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Phantom Detective
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by Jay Seaver

"Sin City, South Korea."
3 stars

SCREENED AT THE 2016 FANTASIA INTERNATIONAL FILM FESTIVAL: The first impression that Jo Sung-hee's "Phantom Detective" creates is that pulp is kind of the same the world over; the film may be based upon a series of Korean novels, but the look and though-guy attitude isn't far off from "Sin City", which was itself an attempt to distill the American pulp tradition to is essence. And yet, as it goes on, it becomes undeniably South Korean, and the way that it reflects that place's fears and bravado makes a frequently clumsy movie intriguing even when it's at its most absurd.

It is October 1983, and Hong Gil-dong (Lee Je-hoon) is the top operative of the HDB Agency, a private concern that specializes in smashing human trafficking rings, something he's been raised to do since childhood. His only memories from before that are his mother being murdered and the face of her killer, and now he thinks he's finally talked the former down in the person of Kim Byung-duk (Park Geun-hyung). The trouble is, someone else has too, looking for his secret ledger of the "GU Group", and when Hong arrives at Kim's place, all he fonds are granddaughters Mal-soon (Kim Ha-na) and Dong-yi (Roh Jeong-eui) , and it is a bit unusual to allow ten- and six-year-old kids to tag along on your mission of vengeance.

For a guy with little memory, Hong Gil-dong narrates an awful lot, and that is something that can wear on a viewer pretty quickly, especially early on when he's not learning things particularly quickly. The same goes for the strongly-stylized look which seems like it belongs a few decades before the 1980s setting, at least where the costumes are concerned, and often veers into characters being superhuman brawlers with little notice; the first time villain Kang Sung-il (Kim Sung-kyun) did something like punching through a wall raises an eyebrow because, because for as much as it's clear from the start that Jo is going for something heightened, the film does take a while finding its level.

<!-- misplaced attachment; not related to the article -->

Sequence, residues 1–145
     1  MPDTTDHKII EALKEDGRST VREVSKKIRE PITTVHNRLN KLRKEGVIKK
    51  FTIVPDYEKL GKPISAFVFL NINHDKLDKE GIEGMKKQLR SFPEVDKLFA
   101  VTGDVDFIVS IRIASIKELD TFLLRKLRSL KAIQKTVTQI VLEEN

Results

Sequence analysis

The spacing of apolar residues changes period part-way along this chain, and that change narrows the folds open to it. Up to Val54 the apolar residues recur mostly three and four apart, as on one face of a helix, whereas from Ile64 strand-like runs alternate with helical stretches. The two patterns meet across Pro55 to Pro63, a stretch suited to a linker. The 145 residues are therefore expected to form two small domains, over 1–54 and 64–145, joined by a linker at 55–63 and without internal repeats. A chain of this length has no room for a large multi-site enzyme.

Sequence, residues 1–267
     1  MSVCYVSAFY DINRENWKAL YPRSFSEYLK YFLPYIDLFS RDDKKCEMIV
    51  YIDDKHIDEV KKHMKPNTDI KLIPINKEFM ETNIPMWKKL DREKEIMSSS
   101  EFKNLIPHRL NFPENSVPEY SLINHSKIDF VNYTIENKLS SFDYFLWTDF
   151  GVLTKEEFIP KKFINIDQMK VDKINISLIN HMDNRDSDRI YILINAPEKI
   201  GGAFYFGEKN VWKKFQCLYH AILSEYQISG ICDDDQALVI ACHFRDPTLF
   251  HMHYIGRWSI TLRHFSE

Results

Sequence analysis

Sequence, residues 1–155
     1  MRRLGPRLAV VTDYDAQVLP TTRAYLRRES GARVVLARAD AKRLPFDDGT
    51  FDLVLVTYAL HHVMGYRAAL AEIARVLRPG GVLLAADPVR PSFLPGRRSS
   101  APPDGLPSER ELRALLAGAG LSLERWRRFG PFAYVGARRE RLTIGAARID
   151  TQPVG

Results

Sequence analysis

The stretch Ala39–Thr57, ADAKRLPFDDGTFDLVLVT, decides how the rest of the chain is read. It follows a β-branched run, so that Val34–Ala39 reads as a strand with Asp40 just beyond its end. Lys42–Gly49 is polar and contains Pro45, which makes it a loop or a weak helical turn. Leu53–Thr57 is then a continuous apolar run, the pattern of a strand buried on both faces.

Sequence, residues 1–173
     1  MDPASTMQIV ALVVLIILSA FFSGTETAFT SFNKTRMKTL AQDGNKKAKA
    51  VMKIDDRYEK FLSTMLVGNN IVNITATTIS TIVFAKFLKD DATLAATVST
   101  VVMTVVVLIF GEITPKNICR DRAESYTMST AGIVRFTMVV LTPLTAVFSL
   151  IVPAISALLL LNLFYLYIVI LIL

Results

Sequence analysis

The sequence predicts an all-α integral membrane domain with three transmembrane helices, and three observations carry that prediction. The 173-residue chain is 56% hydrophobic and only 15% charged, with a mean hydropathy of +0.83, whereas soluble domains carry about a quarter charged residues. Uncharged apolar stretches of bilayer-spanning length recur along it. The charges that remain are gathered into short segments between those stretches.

(For what it's worth, the period/style isn't intrinsic to the character; Hong Gil-dong was created centuries ago, though he's often been put in a different period, and this film appears to be playing on how the character is so well-known that the name is the South Korean equivalent of "John Doe".)

Despite that, the film does start to click once it teams Hong and the kids. It's a fun pairing in a lot of ways, from how it starts out by having the guy set up as the hero lying to small children to how the girls, while looking askance at the weird grown-up who shows up at the same time their grandfather got kidnapped, basically want to be helpful. Jo balances this a lot better than might otherwise happen - with Hong Gil-dong established as a canny super-detective, there's not a whole lot of distance between the kids looking clever and him seeming dumb - especially since it takes a lot of twisting and turning to temporarily sideline the kids so that they're not constantly being put in danger to the point where the film feels unpleasant or the final confrontation is less perilous.